Instead of helping to care for her sick sister, Amal could only enter Gaza to join her grieving family

Negligence, insensitivity and bureaucratic obstacles prevented a resident of the West Bank from visiting her dying sister in the Gaza Strip. Amal was born in Gaza in 1972. After she married, she moved to the West Bank to live with her husband, and the couple had three children. Amal’s parents, brother and three sisters remained in Gaza, and she visited them occasionally until 2000, when Israel prohibited movement between Gaza and the West Bank, in all but exceptional circumstances. Amal’s last visit to the Gaza Strip was in 2004, when one of her sisters fell ill. Thereafter she was unable to visit her family.
In early June 2011, one of Amal’s sisters suffered a serious stroke. On June 6th, Amal therefore contacted the Palestinian District Coordination Office (DCO) and requested permission to travel to Gaza with her three children in order to visit her sister. A few days later, Amal also contacted Gisha in an effort to expedite the processing of her request.
On June 14th, Gisha sent a letter to the Civil Administration asking that permission be granted as quickly as possible for Amal and her children to visit the Gaza Strip. In the weeks that followed, Gisha negotiated a bureaucratic obstacle course, created by the authorities, in order to try and secure permission for Amal to visit her sister. In the meantime, Amal remained in the West Bank, worried about her sister’s wellbeing and waiting desperately for a permit so that she could travel to Gaza and help care for her.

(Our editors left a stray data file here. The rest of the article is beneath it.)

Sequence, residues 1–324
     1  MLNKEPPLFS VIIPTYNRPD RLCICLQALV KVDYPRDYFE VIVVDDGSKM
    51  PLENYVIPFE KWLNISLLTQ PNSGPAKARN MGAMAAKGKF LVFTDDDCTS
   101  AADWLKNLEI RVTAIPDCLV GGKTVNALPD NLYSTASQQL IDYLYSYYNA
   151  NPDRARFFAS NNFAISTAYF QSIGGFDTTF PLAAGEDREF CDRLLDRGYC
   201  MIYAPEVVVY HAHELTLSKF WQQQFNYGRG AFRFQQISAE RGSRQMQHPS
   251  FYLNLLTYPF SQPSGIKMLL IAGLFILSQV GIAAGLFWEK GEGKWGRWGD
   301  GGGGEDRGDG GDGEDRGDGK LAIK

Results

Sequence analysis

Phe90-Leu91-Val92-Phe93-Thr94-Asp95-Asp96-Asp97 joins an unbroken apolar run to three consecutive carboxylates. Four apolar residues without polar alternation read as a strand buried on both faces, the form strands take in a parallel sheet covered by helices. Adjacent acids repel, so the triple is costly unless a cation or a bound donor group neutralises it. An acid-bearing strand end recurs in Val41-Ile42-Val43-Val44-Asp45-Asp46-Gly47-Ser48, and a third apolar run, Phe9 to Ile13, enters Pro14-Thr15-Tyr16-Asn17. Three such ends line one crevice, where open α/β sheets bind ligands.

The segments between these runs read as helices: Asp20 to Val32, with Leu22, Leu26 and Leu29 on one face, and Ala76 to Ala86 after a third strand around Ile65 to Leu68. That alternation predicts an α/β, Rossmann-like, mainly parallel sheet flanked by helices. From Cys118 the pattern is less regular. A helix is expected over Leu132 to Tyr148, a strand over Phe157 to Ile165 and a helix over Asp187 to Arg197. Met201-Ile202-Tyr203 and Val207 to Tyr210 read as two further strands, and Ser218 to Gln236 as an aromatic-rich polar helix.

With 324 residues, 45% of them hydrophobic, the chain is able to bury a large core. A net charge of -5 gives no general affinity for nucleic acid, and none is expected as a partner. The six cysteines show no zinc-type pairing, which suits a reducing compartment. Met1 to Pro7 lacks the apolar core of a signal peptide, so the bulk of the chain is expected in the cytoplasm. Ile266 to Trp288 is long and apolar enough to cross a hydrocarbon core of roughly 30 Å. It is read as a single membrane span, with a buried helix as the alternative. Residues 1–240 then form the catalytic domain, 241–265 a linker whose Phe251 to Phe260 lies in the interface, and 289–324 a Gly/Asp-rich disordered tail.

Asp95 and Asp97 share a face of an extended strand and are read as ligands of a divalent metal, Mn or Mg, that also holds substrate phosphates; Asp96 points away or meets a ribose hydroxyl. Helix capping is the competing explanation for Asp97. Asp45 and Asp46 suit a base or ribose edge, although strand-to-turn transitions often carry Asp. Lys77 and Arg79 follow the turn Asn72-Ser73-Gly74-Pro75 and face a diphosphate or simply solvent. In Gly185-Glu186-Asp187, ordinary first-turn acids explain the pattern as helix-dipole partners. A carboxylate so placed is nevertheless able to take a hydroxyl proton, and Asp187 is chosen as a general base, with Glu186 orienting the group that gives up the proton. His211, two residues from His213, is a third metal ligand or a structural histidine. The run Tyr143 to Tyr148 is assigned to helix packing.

More than a month after Amal submitted her application, the Civil Administration claimed that it had not reached its offices, and Amal was asked to submit a new request. Inquiries made by Gisha made clear that no-one had processed Amal’s application, as has been the case with other applications submitted by Palestinians seeking to visit Gaza. The failure to handle Amal’s request was due to the fact that a new officer, who had two months earlier begun work at the Hebron DCO, was refusing, without explanation, to accept applications from the Palestinian DCO. Gisha filed a complaint with the Civil Administration and again requested that Amal’s application be processed as quickly as possible.
On July 26th, Gisha was informed that the Palestinian DCO had sent the new application to the Israeli authorities and again Gisha requested that it be handled urgently. However the following week, Gisha learnt that due to a technical error the application had been lost. Gisha therefore submitted Amal’s request once again. 
On August 7th, two months after Amal submitted her original application, the Civil Administration contacted Gisha and stated that Amal’s request had been rejected as Amal’s sister had passed away three weeks earlier. Gisha was also informed that Amal must now submit a new application for permission to visit her family in mourning.
Amal’s husband told Gisha that although he knew Amal’s sister had passed away, he had tried to spare Amal of the news while she waited for permission to travel to Gaza. Over the following days he shared the sad news with his wife, and on August 11th, Amal submitted a further request to visit the Gaza Strip, this time in order to join her mourning family. Gisha also wrote to the Civil Administration and asked that Amal be given permission to travel to Gaza urgently in order to join her family. On August 29th, the Civil Administration announced that the application had been approved, and permits had been issued for Amal and her youngest son. For some reason, the older children, aged seven and 12, were not permitted to travel to Gaza.
At the end of August, almost three months after Amal submitted her original request to visit her sister, she was at last able to cross from the West Bank to the Gaza Strip and visit her family. Although Amal was finally able to be with her family, she missed the chance to look after her sister, to say goodbye and to join her family at the funeral.